To further cloud the issue of acres, there are different acre measurements in different parts of the world. The international acre is 0.0162 square meters smaller than the American acre.

So, if folks in the US expressed areas in square miles or yards (remember, this is America, damnit! We don’t use the metric system) and those so inclined to use the heretical metric system used square meters or hectares, acres could go the way of polio or smallpox.

The other incredibly useless way to talk about the size of an area is to translate the size of an area into football fields.- “An asteroid the size of a football field…”

USS Abraham Lincoln dimensions are usually given in football fields…”](http://www.motortrend.com/features/travel/112_0105_abe/) Really? Dimensions on the Abe are giving in football fields?

  • “Can I get a nut 1/7000th of a football field in diameter?”
  • “How tall are you sailor?”“I’m 1/60th of a football field tall, sir!”
  • “The printer needs some more paper that measures 0.0019 football fields by 0.0025 football fields before our orders from the Pentagon will finish printing.”
  • “This National Landmark vessel, nearly the size of a football field,was…” Etc., Etc., Etc.

There are several problems with this stupd linguistic crutch. 1. A football field means different things to different people. In America, a football field is used by the NFL. In England, a football field is used by soccer teams like Manchester United. The two field sizes are different. So, to describe something in terms of a football field can only lead to confusion. Is that a British football field, or an American football field? To make thing even murkier, the Canadian Football League plays a game closely related to American football, but on a field that has different dimensions.

Before anyone claims that such confusion could never happen, allow me to present Exhibit A: a page about pyroclastic flows. This page describes uses a wonderful smashing of mental orientation when it describes the width of a (round) lava dome formed on Mount St. Helens in lengths of a football field (don’t even get me started on how a round object apparently has a width. Maybe the writer of the page could tell me the round object’s length next?). Now, you might think that the page is clearly referencing American football fields, as it discusses an American volcano. Until you realize that the page is served off of a server in the United Kingdom with no mention of American authors. Now, are the football fields in question American or British?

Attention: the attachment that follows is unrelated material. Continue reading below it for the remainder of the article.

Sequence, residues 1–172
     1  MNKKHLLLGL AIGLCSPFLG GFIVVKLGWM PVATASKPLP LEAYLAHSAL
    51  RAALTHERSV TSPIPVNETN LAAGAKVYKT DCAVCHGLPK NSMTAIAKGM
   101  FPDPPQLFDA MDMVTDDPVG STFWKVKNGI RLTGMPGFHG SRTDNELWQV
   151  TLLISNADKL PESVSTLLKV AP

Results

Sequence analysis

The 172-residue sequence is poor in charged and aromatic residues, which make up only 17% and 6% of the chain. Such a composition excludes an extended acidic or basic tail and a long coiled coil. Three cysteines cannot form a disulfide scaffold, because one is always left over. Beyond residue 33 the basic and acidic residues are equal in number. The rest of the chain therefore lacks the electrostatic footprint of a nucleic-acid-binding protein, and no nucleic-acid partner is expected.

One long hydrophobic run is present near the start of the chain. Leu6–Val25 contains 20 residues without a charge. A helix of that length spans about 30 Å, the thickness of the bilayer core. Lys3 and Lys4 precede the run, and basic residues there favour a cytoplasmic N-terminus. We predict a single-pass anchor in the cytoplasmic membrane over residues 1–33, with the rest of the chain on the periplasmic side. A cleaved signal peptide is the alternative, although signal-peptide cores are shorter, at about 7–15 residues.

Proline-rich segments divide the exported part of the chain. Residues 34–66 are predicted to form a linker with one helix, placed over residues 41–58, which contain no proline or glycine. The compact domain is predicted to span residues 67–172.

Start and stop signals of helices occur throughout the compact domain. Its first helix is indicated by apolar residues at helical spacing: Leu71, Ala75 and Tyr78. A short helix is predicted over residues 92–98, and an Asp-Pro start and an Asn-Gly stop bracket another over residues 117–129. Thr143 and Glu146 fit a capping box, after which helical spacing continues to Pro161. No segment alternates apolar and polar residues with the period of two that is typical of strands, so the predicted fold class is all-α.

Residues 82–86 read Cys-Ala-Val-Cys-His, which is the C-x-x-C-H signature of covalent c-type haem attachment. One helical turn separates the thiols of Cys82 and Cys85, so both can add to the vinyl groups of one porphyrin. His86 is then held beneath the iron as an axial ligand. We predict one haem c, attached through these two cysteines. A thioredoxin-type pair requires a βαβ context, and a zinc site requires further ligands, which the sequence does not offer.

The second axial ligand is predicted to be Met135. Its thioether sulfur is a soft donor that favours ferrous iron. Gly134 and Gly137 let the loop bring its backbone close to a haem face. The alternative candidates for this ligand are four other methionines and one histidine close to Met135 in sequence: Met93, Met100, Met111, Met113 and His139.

1. People who don’t spend much time on football fields, generallly don’t know or care how big such a field is. Sure, they might be able to say, “It’s one hundred yards long; one hundred and twenty yards long if you include both end zones” but intellectually knowing how big something is doesn’t mean that you can picture it in your minds eye. For instance, if I told you that Lake Superior holds 12,100 cubic km of fresh water, that wouldn’t mean much to most people. However, if I told you that Lake Superior contains more water than all the other Great Lakes combined and then some, that is a useful comparison, something with which your mind can be comfortable. Finally, the newest entry in my “I Couldn’t Make This Stuff Up” gallery is a page that explains how an acre is about the size of a football field.google_ad_client = “pub-9050559929403028”;google_ad_width = 728;google_ad_height = 90;google_ad_format = “728x90_as”;google_ad_type = “text_image”;google_ad_channel =”“;google_color_border = [“FDFFCA”,”CC99CC”];google_color_bg = [“FDFFCA”,”E7C6E8”];google_color_link = [“0000CC”,”000000”];google_color_url = [“008000”,”00008B”];google_color_text = [“000000”,”663366”];